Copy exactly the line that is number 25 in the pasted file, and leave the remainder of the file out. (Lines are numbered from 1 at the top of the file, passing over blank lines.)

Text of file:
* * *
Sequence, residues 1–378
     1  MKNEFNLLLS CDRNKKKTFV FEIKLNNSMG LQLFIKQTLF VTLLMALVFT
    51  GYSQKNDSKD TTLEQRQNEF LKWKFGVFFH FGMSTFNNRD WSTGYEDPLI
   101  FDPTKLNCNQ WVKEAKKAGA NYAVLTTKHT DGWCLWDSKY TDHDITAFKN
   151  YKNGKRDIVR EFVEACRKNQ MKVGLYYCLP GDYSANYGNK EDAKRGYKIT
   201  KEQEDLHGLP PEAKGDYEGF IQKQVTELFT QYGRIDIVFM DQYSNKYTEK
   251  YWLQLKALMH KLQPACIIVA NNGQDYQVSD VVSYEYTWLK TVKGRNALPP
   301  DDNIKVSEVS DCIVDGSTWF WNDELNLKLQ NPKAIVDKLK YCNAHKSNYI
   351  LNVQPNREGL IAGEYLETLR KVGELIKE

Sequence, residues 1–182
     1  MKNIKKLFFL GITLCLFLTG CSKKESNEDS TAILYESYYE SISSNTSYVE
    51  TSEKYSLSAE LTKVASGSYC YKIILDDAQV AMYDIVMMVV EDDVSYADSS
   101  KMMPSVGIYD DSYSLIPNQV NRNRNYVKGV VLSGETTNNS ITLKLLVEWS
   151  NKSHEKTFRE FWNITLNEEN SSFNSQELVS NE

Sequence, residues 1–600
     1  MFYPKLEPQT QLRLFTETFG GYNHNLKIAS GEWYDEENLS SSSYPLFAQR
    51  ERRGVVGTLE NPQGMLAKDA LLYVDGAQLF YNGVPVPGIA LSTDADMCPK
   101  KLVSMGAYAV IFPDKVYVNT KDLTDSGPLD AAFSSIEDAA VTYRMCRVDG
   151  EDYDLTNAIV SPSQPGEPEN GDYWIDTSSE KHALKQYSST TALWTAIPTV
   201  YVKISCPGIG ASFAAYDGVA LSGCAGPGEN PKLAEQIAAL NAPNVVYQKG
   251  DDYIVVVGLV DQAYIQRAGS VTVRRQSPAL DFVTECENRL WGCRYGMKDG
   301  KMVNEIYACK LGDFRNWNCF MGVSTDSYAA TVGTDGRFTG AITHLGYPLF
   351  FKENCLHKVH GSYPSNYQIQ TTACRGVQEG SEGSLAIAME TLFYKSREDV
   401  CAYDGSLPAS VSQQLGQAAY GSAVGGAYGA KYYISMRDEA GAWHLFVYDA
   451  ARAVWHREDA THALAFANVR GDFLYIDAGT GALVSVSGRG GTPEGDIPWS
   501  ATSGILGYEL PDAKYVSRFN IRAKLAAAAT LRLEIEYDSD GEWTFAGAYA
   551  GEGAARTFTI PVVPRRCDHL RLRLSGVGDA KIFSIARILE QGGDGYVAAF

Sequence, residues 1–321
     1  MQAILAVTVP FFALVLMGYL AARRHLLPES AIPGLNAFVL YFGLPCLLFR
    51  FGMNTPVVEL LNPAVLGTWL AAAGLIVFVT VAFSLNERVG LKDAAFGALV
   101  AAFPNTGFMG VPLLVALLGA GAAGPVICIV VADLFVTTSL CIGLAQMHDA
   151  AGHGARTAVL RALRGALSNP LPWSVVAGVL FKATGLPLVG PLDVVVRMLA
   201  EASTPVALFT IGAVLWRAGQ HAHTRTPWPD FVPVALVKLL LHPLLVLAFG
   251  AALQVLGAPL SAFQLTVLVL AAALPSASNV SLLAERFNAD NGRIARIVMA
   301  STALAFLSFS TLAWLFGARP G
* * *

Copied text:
   451  ARAVWHREDA THALAFANVR GDFLYIDAGT GALVSVSGRG GTPEGDIPWS